9/11: The Fallout
Issue #59, February 2002
Sadeque was wearing red, white, and blue. In the early hours of September 14, the postal worker was heading home to Brooklyn after his swing-shift job as a mail sorter. He was reading a foreign newspaper in a solitary corner of a packed subway car.
Maybe it was his thick beard. His dark brown skin. Maybe it was the foreign newspaper that would soon be covered in blood. Whatever it was, a tall, heavy-set white man stepped to Sadeque and began asking him something about the World Trade Center.
Sadeque has only been in the U.S. for four years, having won an immigration lottery that enabled him to bring his wife and daughters to New York. His command of English still isn't strong. He couldn't understand what the white man was saying. But now this man was in his face, saying something that seemed threatening. Trying to keep his composure, Sadeque groped for the right words, finally saying, "I am Bangladeshi."
Perhaps Sadeque thought that would cool out the threat. It didn't.
The next thing he knew he was knocked to the train's floor. Two or three men — he couldn't tell — were on top of him, repeatedly striking his head. Sadeque tried to use the newspaper to cover himself, but blood continued to seep out of his nose and ears. "Help me! Help me!" he yelled. The other passengers on the crowded car simply stared.
Perhaps the men finally stopped pummeling him, perhaps he was finally able to break away, he doesn't know for sure. But eventually Sadeque got up. His head was ringing. He stumbled to the end of the car, flung open the door, and moved to the next one. He screamed for help as he searched for the conductor. There was blood all over his uniform.
As the train entered the next stop, he looked back to see the men who had attacked him disembark. "When the guys who knocked me left the train, then everybody came to me," Sadeque recalled. "They said, 'We are sorry. We are sorry we [could not] help you.'" One woman gave him a tissue, another gave him a Tylenol, and Sadeque sat there — fearful, confused, and in pain — as the train kept rolling. "The motorman told me, 'Do you need ambulance?' But I had no sense, what could I do? I am alone."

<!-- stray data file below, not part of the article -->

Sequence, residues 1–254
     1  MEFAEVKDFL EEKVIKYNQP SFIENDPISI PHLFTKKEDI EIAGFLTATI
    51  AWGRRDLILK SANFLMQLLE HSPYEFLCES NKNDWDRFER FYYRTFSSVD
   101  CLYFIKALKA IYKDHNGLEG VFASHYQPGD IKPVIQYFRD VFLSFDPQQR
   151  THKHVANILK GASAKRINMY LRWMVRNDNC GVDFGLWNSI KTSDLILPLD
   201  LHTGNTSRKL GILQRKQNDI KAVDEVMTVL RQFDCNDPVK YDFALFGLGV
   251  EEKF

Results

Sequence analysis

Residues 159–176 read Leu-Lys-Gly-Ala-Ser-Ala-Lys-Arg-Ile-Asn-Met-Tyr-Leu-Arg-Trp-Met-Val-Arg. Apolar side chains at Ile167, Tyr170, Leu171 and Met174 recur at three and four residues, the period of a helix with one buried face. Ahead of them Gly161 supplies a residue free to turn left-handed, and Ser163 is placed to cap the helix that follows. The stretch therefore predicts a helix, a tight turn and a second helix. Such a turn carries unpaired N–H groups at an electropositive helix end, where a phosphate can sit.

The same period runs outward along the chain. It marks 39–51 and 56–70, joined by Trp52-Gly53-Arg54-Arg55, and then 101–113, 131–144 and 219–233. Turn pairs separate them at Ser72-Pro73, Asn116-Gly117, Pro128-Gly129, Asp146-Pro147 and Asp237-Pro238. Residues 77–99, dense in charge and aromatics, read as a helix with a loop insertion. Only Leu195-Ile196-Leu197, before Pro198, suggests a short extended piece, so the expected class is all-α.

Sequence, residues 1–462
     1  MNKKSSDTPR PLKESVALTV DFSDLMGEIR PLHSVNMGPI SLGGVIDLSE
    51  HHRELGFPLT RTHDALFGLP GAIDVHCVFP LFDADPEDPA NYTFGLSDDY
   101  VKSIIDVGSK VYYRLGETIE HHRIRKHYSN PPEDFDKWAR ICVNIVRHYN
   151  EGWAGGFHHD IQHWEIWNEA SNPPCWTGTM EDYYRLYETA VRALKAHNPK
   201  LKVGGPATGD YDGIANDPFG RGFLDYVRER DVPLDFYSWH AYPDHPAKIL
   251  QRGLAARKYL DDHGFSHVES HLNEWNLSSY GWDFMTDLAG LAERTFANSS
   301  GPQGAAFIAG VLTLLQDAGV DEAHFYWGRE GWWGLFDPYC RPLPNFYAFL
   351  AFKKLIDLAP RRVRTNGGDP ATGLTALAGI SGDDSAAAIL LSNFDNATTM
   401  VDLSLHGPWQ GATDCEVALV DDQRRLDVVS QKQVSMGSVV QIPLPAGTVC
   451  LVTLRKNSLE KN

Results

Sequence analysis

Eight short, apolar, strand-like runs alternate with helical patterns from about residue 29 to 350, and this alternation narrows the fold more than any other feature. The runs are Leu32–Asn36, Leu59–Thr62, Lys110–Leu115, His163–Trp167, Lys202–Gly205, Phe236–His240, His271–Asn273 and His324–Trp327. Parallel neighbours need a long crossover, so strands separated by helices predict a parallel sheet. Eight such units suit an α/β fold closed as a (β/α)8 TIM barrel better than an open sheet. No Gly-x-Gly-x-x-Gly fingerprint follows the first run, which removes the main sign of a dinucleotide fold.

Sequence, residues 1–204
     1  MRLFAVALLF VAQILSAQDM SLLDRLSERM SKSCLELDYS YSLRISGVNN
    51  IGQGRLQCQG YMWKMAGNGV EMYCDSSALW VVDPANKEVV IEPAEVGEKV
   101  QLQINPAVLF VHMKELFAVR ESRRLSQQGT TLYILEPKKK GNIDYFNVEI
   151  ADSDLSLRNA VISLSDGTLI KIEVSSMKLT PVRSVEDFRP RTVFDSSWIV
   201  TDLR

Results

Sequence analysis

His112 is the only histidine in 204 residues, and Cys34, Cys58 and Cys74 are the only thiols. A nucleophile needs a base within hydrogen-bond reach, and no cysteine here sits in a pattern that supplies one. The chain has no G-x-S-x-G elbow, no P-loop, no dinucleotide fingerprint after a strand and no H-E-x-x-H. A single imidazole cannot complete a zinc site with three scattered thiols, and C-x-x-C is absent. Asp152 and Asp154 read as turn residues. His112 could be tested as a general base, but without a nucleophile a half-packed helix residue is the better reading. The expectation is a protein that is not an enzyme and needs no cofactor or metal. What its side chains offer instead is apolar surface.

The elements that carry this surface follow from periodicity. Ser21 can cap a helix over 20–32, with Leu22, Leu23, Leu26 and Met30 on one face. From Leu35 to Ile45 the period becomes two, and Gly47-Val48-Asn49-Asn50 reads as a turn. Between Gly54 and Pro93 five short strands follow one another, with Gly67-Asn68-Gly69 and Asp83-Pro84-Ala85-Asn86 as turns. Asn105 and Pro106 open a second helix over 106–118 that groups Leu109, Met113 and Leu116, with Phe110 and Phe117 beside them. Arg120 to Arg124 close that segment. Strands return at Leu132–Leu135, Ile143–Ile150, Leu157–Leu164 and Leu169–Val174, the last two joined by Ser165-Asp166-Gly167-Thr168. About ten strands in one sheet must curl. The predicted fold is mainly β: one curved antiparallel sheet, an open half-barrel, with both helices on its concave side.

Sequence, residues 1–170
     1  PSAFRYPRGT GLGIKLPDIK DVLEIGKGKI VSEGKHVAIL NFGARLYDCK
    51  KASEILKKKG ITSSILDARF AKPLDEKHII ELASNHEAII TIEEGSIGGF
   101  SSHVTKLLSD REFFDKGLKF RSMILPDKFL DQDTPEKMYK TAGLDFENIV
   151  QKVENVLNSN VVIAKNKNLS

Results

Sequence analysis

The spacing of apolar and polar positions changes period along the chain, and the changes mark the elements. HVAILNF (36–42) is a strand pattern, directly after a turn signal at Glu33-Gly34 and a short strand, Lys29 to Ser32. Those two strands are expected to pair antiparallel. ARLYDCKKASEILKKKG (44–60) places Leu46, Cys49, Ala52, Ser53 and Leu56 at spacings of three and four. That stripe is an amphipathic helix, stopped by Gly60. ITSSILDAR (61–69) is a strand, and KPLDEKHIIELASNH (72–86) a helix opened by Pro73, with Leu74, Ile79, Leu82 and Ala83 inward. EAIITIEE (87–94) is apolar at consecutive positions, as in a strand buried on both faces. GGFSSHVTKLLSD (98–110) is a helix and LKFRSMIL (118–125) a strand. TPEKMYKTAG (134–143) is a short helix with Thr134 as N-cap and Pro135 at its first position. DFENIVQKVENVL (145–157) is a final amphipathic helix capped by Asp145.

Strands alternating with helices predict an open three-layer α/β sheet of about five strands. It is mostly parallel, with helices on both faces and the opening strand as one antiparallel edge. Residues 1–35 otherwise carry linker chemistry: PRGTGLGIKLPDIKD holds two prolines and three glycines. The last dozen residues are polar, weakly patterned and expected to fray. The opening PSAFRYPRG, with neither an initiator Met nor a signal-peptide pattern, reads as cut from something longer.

Beyond the shadow of where the World Trade Center stood, there are new fears and targets of racial hatred. The dark fiery cloud of death was still blowing out of lower Manhattan when Arab, Muslim, and South Asian Americans were hit with racial profiling and racially motivated violence. From Seattle to Tampa, Laramie to Mobile, stores and mosques were firebombed. Students were pelted with stones or shot at. Taxi drivers were taken out of their cabs and beaten. White-collar workers were suddenly demoted or fired without cause. Travelers were pulled out of trains and planes or stopped in their cars, and detained by authorities for questioning. Muslim women and girls in hijabs — the traditional head-scarf Islamic females wear — were chased by men who spat on them while screaming things like, "We'll kill you all!"
In the week following the attacks, the South Asian American Leaders of Tomorrow, an advocacy group, counted 645 separate media-reported bias incidents against people thought to be from the Middle East. By the end of September, groups that monitor hate crimes against Arabs, Muslims, and Asians had logged nearly 1,000 separate incidents. Nationally, roughly half the tallied incidents were confirmed acts of violence, including beatings, stabbings, and shootings. At least five people were murdered, in places like Texas, Arizona, and California — far from the rubble in New York City and Washington D.C.